But I agree with you that they may have missed their chance. All of their best hitters are past their primes, and it's not hard to see a scenario where their expensive hitters don't put enough runs on the board.

happyface (n.y.): kearns or wily mo pena?

Joe Sheehan: Kearns, every day and twice on Sunday.

That kicks off the lightning round, folks.

Anthony (Long Island): Mike Mussina: old and busted or Cy Young candidate?

Joe Sheehan: Not at either extreme...past his Cy Young days, still very effective. Think Greg Maddux post-1998.

Rik7366 (Cincy Nati): Better career,Marcus Giles or Scott Hairston?

Joe Sheehan: Similar career paths...I'll go with Giles because Hairston might not get 250 games at second base.

chris234 (ny): Encarnacion or Ian Stewart?

Joe Sheehan: Ian Stewart for the power, but I still love me some Edwin Encarnacion. If the Reds just got the right guys on the field...

dantroy (davis, ca): Care to preview your 2005 award predictions? Here are my big 4: Pujols and Chavez for MVP, Pedro and Santana for Cy Young.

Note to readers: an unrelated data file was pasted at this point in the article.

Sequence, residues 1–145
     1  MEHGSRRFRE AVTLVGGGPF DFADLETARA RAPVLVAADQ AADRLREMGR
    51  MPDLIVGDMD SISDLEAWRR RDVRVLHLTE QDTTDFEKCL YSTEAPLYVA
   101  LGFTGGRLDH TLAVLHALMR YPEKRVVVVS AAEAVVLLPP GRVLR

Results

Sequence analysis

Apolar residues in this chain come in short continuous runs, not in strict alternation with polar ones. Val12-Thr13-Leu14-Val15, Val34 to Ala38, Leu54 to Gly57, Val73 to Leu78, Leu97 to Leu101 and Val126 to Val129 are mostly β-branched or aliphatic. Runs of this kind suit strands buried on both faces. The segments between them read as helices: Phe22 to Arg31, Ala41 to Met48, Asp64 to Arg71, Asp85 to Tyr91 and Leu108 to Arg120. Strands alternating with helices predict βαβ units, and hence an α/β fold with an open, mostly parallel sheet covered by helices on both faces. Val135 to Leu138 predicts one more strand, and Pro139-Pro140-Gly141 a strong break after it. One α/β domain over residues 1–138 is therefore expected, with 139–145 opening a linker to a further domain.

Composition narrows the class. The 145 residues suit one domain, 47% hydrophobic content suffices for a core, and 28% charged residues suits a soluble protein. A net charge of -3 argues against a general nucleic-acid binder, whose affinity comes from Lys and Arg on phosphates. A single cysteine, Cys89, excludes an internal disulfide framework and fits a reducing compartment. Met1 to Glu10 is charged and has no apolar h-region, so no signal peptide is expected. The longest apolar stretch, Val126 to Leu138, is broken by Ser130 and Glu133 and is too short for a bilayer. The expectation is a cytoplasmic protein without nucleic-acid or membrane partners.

Joe Sheehan: Save this one for next month!

Cris E (St Paul MN): Gammons device #1: Name three stories that'll be big by the end of 05 that no one is talking about now.

Joe Sheehan: 1) Labor drums are beating again.

2) The Nationals aren't a cash cow.

3) The collapse of the Yankees.

Brian (KW): First Manager to get axed this year will be....

Joe Sheehan: Tony Pena

lexomatic (toronto): In addition to Ed from Chicago's question & your reply re: the Rockies. Where does defense, if at all, fit into the equation?

Joe Sheehan:
I don't think you can overcome the physics. Value hands over range, get range if you can, but offense plays.

I'm eventually going to respond to Rany's July '02 piece that addressed my essay in BP02. There's a great discussion here.

Ian (Princeton): Joe, which is most likely to happen, Wade Miller makes 20 starts or Matt Clement wins 20 games?

Joe Sheehan: Miller/20 starts.

Last two...

Sully (Boston): Lower ERA, Derek Lowe or Carl Pavano?

Joe Sheehan: Lowe, but that's park effects. Adjusted...still Lowe, but both guys will be above 4.00, park-neutral.

matt1980 (Queens): brad wilkerson? better things to come?

Joe Sheehan: The strikeout rate probably keeps the overall numbers down. He'll have a high BABIP year that makes him an MVP candidate soon.

Joe Sheehan: Thanks for all the great questions! If you're in Las Vegas or New York, please come out and introduce yourselves at one of the book signings this month...I'd love to talk more baseball!